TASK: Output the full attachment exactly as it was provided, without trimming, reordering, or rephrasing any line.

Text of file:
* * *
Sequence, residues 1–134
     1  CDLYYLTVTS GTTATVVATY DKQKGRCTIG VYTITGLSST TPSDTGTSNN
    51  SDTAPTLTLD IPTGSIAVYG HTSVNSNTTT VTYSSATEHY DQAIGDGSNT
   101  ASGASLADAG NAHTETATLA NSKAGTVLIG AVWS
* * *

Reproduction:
Sequence, residues 1–134
     1  CDLYYLTVTS GTTATVVATY DKQKGRCTIG VYTITGLSST TPSDTGTSNN
    51  SDTAPTLTLD IPTGSIAVYG HTSVNSNTTT VTYSSATEHY DQAIGDGSNT
   101  ASGASLADAG NAHTETATLA NSKAGTVLIG AVWS